Yeast cells on a diet live longer, as do their neighbors.
A substantial part of one of the earliest works of human literature, the Epic of Gilgamesh, details the search of the eponymous hero for eternal life. Throughout history, stories that revolve around the desire for immortality keep turning up. Of course, all that is fiction.
Fountain of youth
Still, some scientists have been looking for the fountain of youth, mostly at the fringes (or beyond) of the scientific enterprise, often ridiculed by their more ‘serious’ colleagues. No more. The past few decades, research to understand and combat aging has steadily elbowed its way into the arena of respectable science, often referred to as biogerontology. To understand the causes of aging and uncover potential interventions has become a growing research field and, in some cases, big business.
It is important, though, to keep in mind that it’s not just about getting older, but about doing so healthily. In other words, the goal of these investigations is not solely to increase lifespan, but to lengthen ‘healthspan’. And to achieve this, several routes have been proposed, from drugs and chemicals to dietary interventions. Prime among these latter ones is caloric restriction, or eating (a lot) less. This has been shown to (sometimes dramatically) increase the lives of lab animals, whether it concerns tiny roundworms or mice. (Before you rush off to starve yourself: for now, the evidence in humans and other primates is ambiguous at best, and, additionally, several researchers are working on drugs that mimic the caloric restriction effect…)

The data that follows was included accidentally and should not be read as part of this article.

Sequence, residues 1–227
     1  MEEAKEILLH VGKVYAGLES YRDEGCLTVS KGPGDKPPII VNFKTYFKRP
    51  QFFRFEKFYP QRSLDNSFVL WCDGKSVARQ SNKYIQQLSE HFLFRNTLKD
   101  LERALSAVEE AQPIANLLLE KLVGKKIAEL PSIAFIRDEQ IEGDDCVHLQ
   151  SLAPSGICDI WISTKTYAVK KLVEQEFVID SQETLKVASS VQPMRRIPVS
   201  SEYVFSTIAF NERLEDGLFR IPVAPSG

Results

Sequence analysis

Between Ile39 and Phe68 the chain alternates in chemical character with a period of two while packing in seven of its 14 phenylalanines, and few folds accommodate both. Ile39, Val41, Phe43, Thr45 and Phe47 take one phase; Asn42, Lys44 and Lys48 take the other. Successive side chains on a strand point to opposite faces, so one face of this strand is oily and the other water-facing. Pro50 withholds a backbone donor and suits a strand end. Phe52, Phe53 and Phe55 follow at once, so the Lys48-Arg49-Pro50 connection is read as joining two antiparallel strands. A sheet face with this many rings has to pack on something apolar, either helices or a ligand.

Anyway, drugs or dieting, it only affects you. Or does it?
Yeast on a diet
A new study, published in PLoS Biology, shows that caloric restriction in yeast benefits not just the dieting cells, but others as well.
When yeast cells are put on a low glucose diet, their life- and healthspan increases. The exact mechanism, however, remains a mystery. Previous research suggests that some of the chemicals involved might find their way out of the dieting cells.
To test this idea, researchers from the University of Iowa put yeast on a diet. Lo and behold, the cells lived longer. But what was interesting was that when these cells were moved to new locations, equally glucose-scarce, they lost the caloric restriction benefits. The authors, however, did find two ways to maintain the lifespan-enhancing benefits of caloric restriction: add NA (nicotinic acid) or NR (nicotinamide riboside), both chemical substances known to be involved in yeast life extension, or, and this is the odd bit, transplant bits of the environment in which previous caloric restricted cells were grown.
So, yeast cells that are put on a diet produce a certain molecule that leaves their cells and can confer the ‘longer life benefits’ to others. Furthermore, the molecule is not NA or NR, as the researchers tested for this. At the moment, all they can say is that it’s a rather small one.
Yeast cells on a diet do not only live longer, they extend their neighbors’ lifespan as well, giving them the gift of a longer life.
Mei, S., & Brenner, C. (2015). Calorie Restriction-Mediated Replicative Lifespan Extension in Yeast Is Non-Cell Autonomous PLOS Biology, 13 (1) DOI: 10.1371/journal.pbio.1002048